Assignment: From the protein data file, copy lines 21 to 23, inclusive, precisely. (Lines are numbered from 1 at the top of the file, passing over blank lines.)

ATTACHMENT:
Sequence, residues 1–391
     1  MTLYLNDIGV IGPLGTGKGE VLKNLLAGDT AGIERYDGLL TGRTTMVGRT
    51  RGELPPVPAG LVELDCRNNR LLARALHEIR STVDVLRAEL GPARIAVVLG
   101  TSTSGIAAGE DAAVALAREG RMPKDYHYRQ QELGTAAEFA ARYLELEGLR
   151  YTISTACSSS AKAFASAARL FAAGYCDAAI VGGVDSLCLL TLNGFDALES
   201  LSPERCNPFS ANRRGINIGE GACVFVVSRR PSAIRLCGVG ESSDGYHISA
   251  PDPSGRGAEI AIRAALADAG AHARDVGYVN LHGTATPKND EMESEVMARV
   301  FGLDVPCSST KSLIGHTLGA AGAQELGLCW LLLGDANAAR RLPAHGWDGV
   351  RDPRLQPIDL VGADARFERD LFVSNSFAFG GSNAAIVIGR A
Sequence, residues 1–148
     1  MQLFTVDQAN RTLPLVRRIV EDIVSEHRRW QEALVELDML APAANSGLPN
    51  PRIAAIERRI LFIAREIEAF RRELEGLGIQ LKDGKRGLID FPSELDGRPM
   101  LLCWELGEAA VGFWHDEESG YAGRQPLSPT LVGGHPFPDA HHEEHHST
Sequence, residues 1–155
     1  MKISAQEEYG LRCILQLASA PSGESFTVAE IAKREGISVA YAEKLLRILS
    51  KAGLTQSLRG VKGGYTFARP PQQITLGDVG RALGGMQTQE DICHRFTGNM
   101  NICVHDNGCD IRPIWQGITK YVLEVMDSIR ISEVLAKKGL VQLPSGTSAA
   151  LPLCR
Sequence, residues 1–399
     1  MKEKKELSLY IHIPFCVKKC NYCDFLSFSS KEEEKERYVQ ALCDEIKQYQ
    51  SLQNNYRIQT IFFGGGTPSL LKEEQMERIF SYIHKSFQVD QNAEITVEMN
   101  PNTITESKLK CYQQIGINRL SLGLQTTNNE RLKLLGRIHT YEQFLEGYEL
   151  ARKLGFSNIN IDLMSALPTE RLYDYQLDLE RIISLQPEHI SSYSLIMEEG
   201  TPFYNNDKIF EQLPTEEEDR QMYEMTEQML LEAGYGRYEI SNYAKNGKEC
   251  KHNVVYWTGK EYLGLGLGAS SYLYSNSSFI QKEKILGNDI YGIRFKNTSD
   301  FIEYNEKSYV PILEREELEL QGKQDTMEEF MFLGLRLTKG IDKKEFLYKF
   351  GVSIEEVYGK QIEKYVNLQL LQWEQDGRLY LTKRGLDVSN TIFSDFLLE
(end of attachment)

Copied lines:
    51  SLQNNYRIQT IFFGGGTPSL LKEEQMERIF SYIHKSFQVD QNAEITVEMN
   101  PNTITESKLK CYQQIGINRL SLGLQTTNNE RLKLLGRIHT YEQFLEGYEL
   151  ARKLGFSNIN IDLMSALPTE RLYDYQLDLE RIISLQPEHI SSYSLIMEEG